Top Stories of 2017


The end of each year not only gives us a chance to look forward to the challenges and opportunities of the coming year, but also a time to reflect on the previous 12 months (as we wonder, often aloud, how the time passed so quickly!). 2017 proved to be another eventful year in the tunneling market, with its share of big events, as well as continuing trends that are shaping the way we do business.
Leafing through 2017 issues of TBM, here are what struck me as the top stories:

Bertha Breaks Through – The entire industry was following this story from the time it was announced that the new SR 99 tunnel was to be built with a record-breaking 57.5-ft diameter machine (dubbed “Bertha”). In fact, interest in the tunnel went back to the planning process due to the debate regarding whether a tunnel would be built vs. a replacement viaduct. Of course, tunneling – specifically a large-bore tunnel – was chosen. The size of the machine was a notable step up from previous large-bore TBM tunnels completed in Europe and Asia (in the range of 50-ft diameter), and more than 15-ft diameter larger than the Port of Miami Tunnel TBM, which had been the largest machine to complete a tunnel in the United States. After boring 1,000 ft upon its launch, Bertha stalled in December 2013, leading to a two-year stoppage while crews built a rescue shaft and repaired the TBM. With all eyes on the project, Bertha was able to resume mining and successfully complete the tunnel, breaking through in April 2017. Crews are now busy installing the roadway with the tunnel to open to traffic in early 2019. When complete, the tunnel will give Seattle residents an improved waterfront and quality of life for the next century and more.

China’s Increasing Presence – The role of China in the global tunneling market has been increasing exponentially over the last decade or more, so the trend is not new. But it was interesting to note that in 2017, two TBM manufacturers announced increased operations in China. In January, Australia-based Terratec marked the opening of a large-diameter manufacturing facility in Guangzhou, while Toronto-based Lovsuns announced that all manufacturing would be shifted to its parent company’s (LNSS) facility in Liaoning City. Those moves come on the heels of the 2016 acquisition of The Robbins Company by Northern Heavy Industries (NHI), based in Liaoning province. In mid-2017, Lovsuns announced that it would deliver the first Chinese-built TBM to the U.S. market for the construction of the Blacksnake Creek project in St. Joseph, Missouri.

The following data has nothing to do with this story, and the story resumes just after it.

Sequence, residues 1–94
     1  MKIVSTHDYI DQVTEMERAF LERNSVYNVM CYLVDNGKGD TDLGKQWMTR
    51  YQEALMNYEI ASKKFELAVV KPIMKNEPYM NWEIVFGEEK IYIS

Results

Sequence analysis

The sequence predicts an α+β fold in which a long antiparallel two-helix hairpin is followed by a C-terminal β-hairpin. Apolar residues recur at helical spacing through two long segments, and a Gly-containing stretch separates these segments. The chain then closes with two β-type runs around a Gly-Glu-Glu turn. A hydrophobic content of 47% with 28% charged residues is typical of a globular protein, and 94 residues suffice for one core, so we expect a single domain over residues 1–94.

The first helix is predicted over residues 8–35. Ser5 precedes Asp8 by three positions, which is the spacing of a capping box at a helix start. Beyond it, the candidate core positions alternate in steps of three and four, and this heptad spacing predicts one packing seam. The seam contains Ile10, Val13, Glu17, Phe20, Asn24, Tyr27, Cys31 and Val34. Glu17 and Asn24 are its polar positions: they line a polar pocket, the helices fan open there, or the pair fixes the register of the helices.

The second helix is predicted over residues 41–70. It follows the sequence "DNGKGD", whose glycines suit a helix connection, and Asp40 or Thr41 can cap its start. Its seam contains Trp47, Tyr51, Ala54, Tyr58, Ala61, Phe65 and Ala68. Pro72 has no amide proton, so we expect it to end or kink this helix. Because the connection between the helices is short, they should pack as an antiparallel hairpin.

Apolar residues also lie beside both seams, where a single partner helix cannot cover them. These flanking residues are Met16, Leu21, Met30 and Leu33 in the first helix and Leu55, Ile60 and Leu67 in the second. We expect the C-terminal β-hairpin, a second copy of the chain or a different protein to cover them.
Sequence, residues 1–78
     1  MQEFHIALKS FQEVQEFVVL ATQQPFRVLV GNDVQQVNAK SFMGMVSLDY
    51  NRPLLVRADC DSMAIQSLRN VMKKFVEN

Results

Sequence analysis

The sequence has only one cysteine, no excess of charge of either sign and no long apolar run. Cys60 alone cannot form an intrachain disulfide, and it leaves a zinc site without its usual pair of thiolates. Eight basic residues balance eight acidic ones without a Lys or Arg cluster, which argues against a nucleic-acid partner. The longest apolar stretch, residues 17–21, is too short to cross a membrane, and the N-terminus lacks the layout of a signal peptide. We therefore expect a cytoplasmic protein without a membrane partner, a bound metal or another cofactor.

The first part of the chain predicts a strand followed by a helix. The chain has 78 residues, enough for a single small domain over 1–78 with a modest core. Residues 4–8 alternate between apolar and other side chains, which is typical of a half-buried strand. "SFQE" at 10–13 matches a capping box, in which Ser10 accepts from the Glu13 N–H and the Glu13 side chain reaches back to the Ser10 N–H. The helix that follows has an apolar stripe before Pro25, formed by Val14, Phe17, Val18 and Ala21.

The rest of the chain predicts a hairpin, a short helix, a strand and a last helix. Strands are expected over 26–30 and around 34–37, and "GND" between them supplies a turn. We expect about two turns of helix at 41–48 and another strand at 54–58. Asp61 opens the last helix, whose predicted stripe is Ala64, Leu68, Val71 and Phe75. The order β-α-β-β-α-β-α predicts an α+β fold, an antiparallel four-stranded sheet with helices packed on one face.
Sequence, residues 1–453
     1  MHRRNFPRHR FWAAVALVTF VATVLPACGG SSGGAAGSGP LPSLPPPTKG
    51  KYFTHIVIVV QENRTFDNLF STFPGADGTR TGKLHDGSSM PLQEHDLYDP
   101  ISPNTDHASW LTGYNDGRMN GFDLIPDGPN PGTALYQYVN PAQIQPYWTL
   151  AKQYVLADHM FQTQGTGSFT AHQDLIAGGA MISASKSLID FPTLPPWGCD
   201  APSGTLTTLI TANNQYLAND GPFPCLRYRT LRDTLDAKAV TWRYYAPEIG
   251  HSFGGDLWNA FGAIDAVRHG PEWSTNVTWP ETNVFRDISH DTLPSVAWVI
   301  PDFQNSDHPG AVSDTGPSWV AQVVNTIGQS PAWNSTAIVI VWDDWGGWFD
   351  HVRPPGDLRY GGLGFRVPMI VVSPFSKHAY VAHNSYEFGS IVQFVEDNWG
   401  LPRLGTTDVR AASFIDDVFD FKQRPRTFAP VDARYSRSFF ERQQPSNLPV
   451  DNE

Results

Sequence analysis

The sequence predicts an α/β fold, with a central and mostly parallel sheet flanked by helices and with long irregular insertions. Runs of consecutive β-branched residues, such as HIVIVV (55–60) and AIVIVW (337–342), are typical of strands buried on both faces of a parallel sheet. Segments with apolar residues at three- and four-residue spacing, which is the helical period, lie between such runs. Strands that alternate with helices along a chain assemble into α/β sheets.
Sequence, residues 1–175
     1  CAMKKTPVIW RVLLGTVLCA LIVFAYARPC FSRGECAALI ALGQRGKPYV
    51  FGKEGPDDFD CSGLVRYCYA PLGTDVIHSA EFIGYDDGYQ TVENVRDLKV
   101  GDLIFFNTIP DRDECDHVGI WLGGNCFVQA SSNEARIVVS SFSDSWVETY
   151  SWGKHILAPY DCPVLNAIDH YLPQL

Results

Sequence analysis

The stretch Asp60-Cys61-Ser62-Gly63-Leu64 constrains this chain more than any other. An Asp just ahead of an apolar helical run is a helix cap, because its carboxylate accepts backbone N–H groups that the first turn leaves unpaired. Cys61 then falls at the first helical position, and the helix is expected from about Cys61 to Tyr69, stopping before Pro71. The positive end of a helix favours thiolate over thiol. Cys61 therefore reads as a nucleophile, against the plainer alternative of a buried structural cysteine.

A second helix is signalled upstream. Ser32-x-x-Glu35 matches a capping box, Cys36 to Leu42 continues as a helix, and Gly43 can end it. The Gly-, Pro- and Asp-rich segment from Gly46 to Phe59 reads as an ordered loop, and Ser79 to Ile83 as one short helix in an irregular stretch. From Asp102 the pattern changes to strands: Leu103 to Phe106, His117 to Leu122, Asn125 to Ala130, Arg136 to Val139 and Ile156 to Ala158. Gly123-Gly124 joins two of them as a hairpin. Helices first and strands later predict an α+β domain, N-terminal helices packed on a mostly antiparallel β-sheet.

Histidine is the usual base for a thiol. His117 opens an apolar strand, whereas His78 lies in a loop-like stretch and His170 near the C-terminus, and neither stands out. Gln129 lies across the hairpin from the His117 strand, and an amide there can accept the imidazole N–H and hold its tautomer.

Acquisitions in the Engineering Sector – Over the past several years we have seen some major acquisitions of engineering firms, with the most recent being the August 2017 announcement that Jacobs Engineering had reached an agreement to acquire CH2M, giving Jacobs added capacity in the water sector. The deal involves some 74,000 employees worldwide. In previous years we saw mergers and acquisitions involving Stantec and MWH (2016), AECOM and URS (2014), WSP and PB (2014), and COWI and Jenny (2012).

Increased Visibility – As I noted in this space last issue, tunnel projects are becoming more and more visible in the public eye. In the past, megaprojects certainly captured the public’s attention (Channel Tunnel, Big Dig, SR 99) but now even smaller projects are the focus of PR campaigns. Locally, Akron’s $184 million Ohio Canal Interceptor Tunnel hosted an open house that attracted a throng of residents curious to see the TBM. Newsmaker and entrepreneur Elon Musk’s Boring Company is also popping up in various outlets on a regular basis, helping to increase attention on tunnel construction and infrastructure needs.

Larger Contract Values – This is another trend that has been evolving over the last several years. 2017 saw the awarding of the $580 million Northeast Boundary Tunnel for DC Water (awarded to Salini Impregilo/S.A. Healy – believed to be the largest sewer tunnel project awarded in the U.S. Also in 2017, LA Metro awarded a $1.37 billion contract to Tutor Perini.O&G for the construction of the Purple Line Extension, Section 2. The trend is likely to continue with projects including Gateway, Second Avenue Subway Phase 2 and the Hampton Roads Bridge-Tunnel Expansion looming.

Did we miss anything? What would you add to the list? We are always happy to share your views and comments.

I hope that everyone has a wonderful holiday season, and I look forward to 2018, which promises to be another eventful year in tunneling.

Jim Rush


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